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From the FT's Lex blog



It's (un)official: the sovereign debt crisis is doing serious damage to the euro zone economy. Tellingly, the most damning bit of evidence comes from Germany. Preliminary data on Wednesday showed that the German economy probably shrank by 0.25 per cent in the final quarter of 2011 (though it grew by a quite robust 3 per cent throughout the year).



Greeks, Irish and Italians need no reminder that this year and next will be gruesome. The harsher fact is that not even a resilient Germany can offset a serious euro zone-wide recession this year.

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That is a sobering thought. But it ought to be a reminder that what happens in Germany still matters the most. For too long, investors' heads were turned by the glitzy but ultimately shallow economies of the euro zone's periphery, which easily outperformed the German model in the euro zone's early years.



With Ireland growing at around 8 per cent a year in those days, the distraction was understandable. Investors now know that it was also badly out of proportion. Germany, after all, accounts for 27 per cent of total euro zone gross domestic product. Even bubble-era Spain was never more than 11 per cent. It was only in about 2006 that Germany's economic growth began to overtake that of its euro zone peers. On current trends, it could be a while before that position is reversed.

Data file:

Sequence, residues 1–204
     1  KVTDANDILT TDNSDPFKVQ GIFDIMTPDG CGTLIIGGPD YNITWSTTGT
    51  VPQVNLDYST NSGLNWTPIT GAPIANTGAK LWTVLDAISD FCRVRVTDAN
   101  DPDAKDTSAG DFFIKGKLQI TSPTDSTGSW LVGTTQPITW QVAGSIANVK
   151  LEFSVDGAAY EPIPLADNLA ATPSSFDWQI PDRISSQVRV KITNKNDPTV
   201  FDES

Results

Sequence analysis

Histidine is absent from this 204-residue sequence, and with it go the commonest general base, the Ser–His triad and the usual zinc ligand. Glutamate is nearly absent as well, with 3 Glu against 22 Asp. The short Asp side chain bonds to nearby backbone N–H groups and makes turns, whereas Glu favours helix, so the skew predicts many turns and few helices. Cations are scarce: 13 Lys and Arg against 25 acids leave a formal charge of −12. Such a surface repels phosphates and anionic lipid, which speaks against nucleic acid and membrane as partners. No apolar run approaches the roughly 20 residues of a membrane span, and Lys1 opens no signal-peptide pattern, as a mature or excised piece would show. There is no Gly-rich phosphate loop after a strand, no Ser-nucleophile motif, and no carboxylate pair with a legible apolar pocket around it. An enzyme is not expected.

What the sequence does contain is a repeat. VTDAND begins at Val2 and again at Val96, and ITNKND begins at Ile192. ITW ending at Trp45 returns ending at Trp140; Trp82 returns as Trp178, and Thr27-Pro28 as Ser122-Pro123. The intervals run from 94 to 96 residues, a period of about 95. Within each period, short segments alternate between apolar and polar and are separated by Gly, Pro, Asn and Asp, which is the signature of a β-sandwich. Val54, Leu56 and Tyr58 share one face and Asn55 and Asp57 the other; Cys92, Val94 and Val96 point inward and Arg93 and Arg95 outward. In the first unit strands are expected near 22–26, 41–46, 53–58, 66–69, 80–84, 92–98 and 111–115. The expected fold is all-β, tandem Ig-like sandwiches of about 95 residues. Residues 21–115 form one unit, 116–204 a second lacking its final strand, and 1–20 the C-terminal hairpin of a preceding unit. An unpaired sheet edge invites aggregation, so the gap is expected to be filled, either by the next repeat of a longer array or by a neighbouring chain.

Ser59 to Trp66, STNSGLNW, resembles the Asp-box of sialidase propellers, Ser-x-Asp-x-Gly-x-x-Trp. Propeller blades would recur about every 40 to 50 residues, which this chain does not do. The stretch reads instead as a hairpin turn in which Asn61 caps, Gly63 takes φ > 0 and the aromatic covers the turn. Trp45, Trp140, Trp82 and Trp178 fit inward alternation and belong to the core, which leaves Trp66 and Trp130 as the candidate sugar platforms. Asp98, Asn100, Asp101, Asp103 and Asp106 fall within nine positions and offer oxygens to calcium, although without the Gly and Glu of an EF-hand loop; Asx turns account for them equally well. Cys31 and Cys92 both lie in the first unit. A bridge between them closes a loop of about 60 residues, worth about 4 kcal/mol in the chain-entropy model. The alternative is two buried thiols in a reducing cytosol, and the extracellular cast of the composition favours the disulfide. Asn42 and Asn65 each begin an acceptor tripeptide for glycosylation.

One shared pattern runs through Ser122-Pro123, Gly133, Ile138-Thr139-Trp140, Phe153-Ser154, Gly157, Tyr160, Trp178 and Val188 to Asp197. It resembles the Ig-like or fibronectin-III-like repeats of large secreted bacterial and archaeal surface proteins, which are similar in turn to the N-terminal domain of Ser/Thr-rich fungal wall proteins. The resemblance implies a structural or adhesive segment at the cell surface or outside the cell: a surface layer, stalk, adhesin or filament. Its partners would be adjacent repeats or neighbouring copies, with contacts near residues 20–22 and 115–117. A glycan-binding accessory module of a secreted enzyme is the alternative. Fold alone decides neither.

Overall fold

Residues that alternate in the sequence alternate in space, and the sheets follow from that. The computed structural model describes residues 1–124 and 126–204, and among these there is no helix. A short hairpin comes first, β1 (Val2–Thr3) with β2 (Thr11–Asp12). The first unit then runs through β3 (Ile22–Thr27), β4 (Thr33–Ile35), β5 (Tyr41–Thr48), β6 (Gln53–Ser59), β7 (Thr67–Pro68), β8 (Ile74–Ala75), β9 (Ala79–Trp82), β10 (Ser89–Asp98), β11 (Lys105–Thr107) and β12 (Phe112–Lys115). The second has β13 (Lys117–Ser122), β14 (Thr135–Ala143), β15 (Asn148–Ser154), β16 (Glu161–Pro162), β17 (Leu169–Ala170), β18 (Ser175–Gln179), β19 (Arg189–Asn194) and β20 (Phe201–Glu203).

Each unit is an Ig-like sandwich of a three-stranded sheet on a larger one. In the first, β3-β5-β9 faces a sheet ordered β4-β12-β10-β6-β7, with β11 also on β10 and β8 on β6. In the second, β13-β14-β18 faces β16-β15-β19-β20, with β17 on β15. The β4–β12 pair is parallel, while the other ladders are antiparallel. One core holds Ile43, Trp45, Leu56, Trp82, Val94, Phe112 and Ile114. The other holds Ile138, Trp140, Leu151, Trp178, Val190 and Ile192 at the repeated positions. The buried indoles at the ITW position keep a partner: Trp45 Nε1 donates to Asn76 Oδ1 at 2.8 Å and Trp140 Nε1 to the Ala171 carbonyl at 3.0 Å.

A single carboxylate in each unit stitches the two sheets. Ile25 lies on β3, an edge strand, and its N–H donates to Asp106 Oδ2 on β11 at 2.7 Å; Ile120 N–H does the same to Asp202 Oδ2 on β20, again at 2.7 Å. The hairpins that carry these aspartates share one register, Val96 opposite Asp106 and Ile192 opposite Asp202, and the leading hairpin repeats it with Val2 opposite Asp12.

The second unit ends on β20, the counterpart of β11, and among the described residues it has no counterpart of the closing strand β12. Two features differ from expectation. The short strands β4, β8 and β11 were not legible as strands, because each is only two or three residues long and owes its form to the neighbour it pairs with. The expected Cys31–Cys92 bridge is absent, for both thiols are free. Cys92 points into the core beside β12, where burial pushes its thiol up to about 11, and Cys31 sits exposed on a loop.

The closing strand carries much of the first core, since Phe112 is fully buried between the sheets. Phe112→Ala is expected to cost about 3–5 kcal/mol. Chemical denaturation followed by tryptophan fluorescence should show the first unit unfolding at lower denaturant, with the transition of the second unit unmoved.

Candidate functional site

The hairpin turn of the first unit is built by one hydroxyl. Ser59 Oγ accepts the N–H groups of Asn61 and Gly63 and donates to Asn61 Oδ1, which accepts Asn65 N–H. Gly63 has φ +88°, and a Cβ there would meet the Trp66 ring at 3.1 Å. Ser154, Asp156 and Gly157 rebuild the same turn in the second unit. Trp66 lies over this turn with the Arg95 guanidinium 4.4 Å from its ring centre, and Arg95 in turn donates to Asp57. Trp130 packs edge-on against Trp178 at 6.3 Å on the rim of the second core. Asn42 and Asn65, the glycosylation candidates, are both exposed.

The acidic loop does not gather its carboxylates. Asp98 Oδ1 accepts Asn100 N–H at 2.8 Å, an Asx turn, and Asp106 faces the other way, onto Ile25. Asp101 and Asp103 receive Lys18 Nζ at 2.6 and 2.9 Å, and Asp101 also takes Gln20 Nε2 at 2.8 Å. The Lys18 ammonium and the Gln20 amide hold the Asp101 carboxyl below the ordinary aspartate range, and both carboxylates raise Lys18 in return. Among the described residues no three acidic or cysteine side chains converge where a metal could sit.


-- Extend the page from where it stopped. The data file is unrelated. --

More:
The Bundesbank predicts that German GDP will expand by 0.6 per cent in 2012. That should keep other core economies ticking over. But it is a mark of the scale of problems in peripheral countries that they are starting to overtake the core once again - this time on the downward slope. The bloc's economy will shrink by between 0.5 and 1 per cent this year, most forecasts suggest, dragged down by a blizzard of austerity measures in some countries. If a systemically important bank were to collapse in 2012, or Greece were forced to admit defeat and quit the euro zone, that scenario could be worsened. Then, not even Germany's purring export machine could steer the euro zone out of recession's way.



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